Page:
Wolbachia strain wMel induces cytoplasmic incompatibility and blocks dengue transmission in Aedes albopictus

Blagrove, Marcus S. C. and Arias-Goeta, Camilo and Failloux, Ana-Bella and Sinkins, Steven (2012) Wolbachia strain wMel induces cytoplasmic incompatibility and blocks dengue transmission in Aedes albopictus. Proceedings of the National Academy of Sciences, 109 (1). pp. 255-260. ISSN 0027-8424

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Abstract

Wolbachia inherited bacteria are able to invade insect populations using cytoplasmic incompatibility and provide new strategies for controlling mosquito-borne tropical diseases, such as dengue. The overreplicating wMelPop strain was recently shown to strongly inhibit the replication of dengue virus when introduced into Aedes aegypti mosquitoes, as well as to stimulate chronic immune up-regulation. Here we show that stable introduction of the wMel strain of Drosophila melanogaster into Aedes albopictus, a vector of dengue and other arboviruses, abolished the transmission capacity of dengue virus-challenged mosquitoes. Immune up-regulation was observed in the transinfected line, but at a much lower level than that previously found for transinfected Ae. aegypti. Transient infection experiments suggest that this difference is related to Ae. albopictus immunotolerance of Wolbachia, rather than to the Wolbachia strain used. This study provides an example of strong pathogen inhibition in a naturally Wolbachia-infected mosquito species, demonstrating that this inhibition is not limited to naturally naïve species, and suggests that the Wolbachia strain is more important than host background for viral inhibition. Complete bidirectional cytoplasmic incompatibility was observed with WT strains infected with the naturally occurring Ae. albopictus Wolbachia, and this provides a mechanism for introducing wMel into natural populations of this species.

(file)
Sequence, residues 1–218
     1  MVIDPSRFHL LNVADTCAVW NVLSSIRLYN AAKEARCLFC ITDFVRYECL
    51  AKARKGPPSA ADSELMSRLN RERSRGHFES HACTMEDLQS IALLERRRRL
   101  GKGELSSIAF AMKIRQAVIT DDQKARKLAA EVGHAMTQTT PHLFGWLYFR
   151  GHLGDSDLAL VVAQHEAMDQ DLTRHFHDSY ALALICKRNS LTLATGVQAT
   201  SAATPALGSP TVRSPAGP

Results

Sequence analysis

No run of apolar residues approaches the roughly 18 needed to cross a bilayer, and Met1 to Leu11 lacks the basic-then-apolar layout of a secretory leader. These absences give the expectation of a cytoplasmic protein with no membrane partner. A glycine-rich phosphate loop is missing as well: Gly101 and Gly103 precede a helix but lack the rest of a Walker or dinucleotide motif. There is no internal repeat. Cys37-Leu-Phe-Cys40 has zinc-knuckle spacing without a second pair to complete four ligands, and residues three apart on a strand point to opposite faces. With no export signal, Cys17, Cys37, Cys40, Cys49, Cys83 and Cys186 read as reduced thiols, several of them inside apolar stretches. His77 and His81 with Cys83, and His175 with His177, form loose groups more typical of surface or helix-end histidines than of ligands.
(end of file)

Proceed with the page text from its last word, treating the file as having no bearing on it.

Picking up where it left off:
Item Type: Journal Article
Journal or Publication Title: Proceedings of the National Academy of Sciences
Uncontrolled Keywords: /dk/atira/pure/subjectarea/asjc/1000
Subjects:
Departments: Faculty of Health and Medicine > Biomedical & Life Sciences
ID Code: 64963
Deposited By: ep_importer_pure
Deposited On: 10 Jun 2013 08:56
Refereed?: Yes
Published?: Published
Last Modified: 11 Feb 2020 08:11
URI: https://eprints.lancs.ac.uk/id/eprint/64963

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